Disparate Approaches in New AMI Opt Out Trends

If you are following the policy development of Opt Out offerings for utility AMI programs, two recent news items are worth noting. Within the last couple of weeks, the Vermont Legislature approved a measure stating that utility customers in the state who don’t want a wireless smart meter on their home or business can now opt out of the technology for free. What’s happening in Vermont differs from the trend in other states where Opt-Out fees have been approved: are growing: California; Illinois (City of Naperville); Oregon; and Maine.

The last example with Maine relates to the second significant news event. Central Maine Power (CMP) submitted a plan that was approved by the Maine Public Utilities Commission in which customers who choose to keep their existing mechanical meter or receive a digital smart meter with the wireless transmitter turned off must pay fees. The CMP program is now being challenged through the judicial system in Maine, in which the state’s Supreme Court is evaluating appellants’ claim that the Maine PUC was negligent in approving the fee requirements of CMP’s Opt-Out program and are asking the court to overrule that decision.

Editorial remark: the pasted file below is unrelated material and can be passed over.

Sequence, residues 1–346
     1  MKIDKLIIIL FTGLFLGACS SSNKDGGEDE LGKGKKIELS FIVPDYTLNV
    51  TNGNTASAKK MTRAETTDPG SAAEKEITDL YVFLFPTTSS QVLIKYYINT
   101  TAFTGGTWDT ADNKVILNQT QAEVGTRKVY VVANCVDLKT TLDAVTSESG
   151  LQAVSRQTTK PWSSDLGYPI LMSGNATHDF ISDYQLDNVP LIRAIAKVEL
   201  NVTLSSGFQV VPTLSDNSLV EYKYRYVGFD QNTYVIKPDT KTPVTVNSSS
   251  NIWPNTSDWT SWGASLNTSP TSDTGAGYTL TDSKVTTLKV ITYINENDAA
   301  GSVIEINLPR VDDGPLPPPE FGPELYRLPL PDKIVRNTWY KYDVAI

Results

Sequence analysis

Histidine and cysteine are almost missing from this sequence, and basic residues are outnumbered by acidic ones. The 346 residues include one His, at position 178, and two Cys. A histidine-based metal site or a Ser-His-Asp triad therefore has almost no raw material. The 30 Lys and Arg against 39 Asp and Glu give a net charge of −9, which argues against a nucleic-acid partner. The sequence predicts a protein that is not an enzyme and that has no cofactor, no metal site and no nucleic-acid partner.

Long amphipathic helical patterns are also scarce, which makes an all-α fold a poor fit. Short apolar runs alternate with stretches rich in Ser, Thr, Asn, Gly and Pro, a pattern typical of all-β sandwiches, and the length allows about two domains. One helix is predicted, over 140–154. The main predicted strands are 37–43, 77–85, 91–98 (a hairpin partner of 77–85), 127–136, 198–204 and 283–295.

Disparities in Opt Out policy are likely to increase as more states make decisions on the issue in response to submitted utility programs. It’s shaping up to be another fierce battle in the AMI sector as opponents of smart meters continue the fight against having any additional costs associated with the retention of the analog meter.

I will be covering all these issues in a webinar scheduled for Wednesday, June 20. More information and scheduling information will be distributed soon.

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